New meningitis case reported
    Health officials say a sixth meningitis case in Marion County gives Ohio a total of 11 illnesses linked to a larger outbreak and recalled steroid injections for back pain. The Ohio Department of Health also has reported single cases of rare fungal meningitis in Crawford, Franklin, Hamilton, Morrow and Warren counties. The cases involve adults, and none have died. Federal officials report more than 280 illnesses and at least 23 deaths in the outbreak linked to a pharmacy in Massachusetts. Officials say 64 facilities in Ohio received products from the pharmacy.

    New Sowell attorneys criticize old defense team
    Attorneys for an Ohio serial killer convicted of hiding the remains of 11 women around his Cleveland home say his original defense team should have focused on sparing him from the death penalty. Attorneys for Anthony Sowell said in an appeal filed yesterday that it was a forgone conclusion he would be convicted. The appeal seeks a new trial or new sentencing hearing.

    Review reveals education officials failed to report expenses
    Nine education officials in Ohio failed to properly disclose trips to locations including Washington, D.C., San Diego and Orlando and other expenses on financial disclosure reports since 2009. The omissions were identified as part of an internal review by the Ohio Department of Education, launched after then-State Superintendent Stan Heffner was targeted in a state watchdog probe. The flaws were detailed in letters obtained by The Associated Press through a public records request. Among individuals involved were Michael Sawyers, acting state superintendent, and John Stanford, chief education adviser to former Gov. Ted Strickland. Recipients interviewed described the errors as clerical. Inspector General Randall Meyer's investigation found Heffner used his state staff, email and cellphone to land a new testing-firm job and buy a house in Texas. He wasn't prosecuted.

    RTA driver in viral video turns himself in
    The RTA bus driver who allegedly punched a woman after she spit on him turned himself in to police. Artis Hughes faces assault charges in the September incident that went viral this month. Dozens of people showed up yesterday to support Hughes as he turned himself in to Beachwood police. The video of the altercation appears to show 25-year old Shidea Lane pushing and spitting on Hughes, who then allegedly punched her and threw her off the bus. Hughes is currently on paid leave. Lane faces disorderly conduct charge. Both are due in court next month.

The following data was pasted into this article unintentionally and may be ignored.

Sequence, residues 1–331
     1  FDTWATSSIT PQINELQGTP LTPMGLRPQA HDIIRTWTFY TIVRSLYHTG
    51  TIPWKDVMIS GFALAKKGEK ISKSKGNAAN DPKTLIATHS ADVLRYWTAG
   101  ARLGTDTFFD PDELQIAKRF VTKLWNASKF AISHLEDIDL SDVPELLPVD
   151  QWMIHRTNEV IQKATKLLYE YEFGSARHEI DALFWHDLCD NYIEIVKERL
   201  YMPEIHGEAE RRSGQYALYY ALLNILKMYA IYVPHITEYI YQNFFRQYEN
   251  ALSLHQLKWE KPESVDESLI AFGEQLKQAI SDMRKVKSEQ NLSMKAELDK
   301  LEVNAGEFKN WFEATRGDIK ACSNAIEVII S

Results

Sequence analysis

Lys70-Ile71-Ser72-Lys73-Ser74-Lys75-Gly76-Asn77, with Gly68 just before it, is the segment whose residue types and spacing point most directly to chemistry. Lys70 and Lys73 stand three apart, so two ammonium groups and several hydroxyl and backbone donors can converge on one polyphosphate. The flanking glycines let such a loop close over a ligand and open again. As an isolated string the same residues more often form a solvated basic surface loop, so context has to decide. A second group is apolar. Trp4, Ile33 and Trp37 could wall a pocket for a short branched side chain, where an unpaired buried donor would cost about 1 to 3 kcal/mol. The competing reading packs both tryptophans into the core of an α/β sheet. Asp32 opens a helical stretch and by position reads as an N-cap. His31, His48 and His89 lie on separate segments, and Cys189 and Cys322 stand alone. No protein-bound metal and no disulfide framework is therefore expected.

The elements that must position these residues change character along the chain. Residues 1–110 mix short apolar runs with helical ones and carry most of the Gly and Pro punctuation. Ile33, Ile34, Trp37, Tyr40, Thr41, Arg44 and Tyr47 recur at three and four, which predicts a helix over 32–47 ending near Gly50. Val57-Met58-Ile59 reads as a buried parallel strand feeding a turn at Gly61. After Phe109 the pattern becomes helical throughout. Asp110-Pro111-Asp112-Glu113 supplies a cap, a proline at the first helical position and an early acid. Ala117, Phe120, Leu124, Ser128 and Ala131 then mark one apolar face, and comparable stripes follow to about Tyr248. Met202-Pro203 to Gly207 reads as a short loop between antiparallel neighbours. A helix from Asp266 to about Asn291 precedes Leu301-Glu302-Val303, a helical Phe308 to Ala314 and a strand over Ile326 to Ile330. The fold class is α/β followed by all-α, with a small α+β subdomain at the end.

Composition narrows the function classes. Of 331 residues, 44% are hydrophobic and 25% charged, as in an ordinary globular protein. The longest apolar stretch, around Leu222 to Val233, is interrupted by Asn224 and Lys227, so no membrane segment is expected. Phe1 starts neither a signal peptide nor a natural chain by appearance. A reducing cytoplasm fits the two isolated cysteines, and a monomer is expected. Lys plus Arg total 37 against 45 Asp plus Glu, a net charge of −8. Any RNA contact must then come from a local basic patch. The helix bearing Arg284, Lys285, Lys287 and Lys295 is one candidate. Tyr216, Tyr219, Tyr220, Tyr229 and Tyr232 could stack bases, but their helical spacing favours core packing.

Anti-blackout bill introduced
    A state lawmaker has introduced a bill that would stop Cincinnati Bengals and Cleveland Browns games from being blacked out on local television, if they're not sold out.  Democrat Robert Hagan of Youngstown introduced the bill yesterday. It would prohibit any team playing in publicly financed stadiums or arenas from blacking out games.



    Listener Comments:

    My comment has to do with the continuous feed on unemployment. It would be nice to know just how many jobs there are throughout the U.S. in numbers, openings that is, that cannot be filled due to lack of skill level, and choice of concentration by college students/graduates. No one is discussing this small fact except for one CNN financial expert.

    Times have changed, however, and not overnight. Technology has been moving to the forefront for at least a couple of decads now. It appears that people have not been focused on investing in themselves to meet this challenge. There is only so much any president can do. Our sitting president has pushed education and even provided for grants over the past four years encouraging people to go back to school, invest in themselves, ready yourselves for the new skills needed for the new look in the job world. It's a sad situation that someone has to be held accountable for, but who should that someone be?


    Posted by: a walker (east cleveland, ohio) on October 23, 2012 5:10AM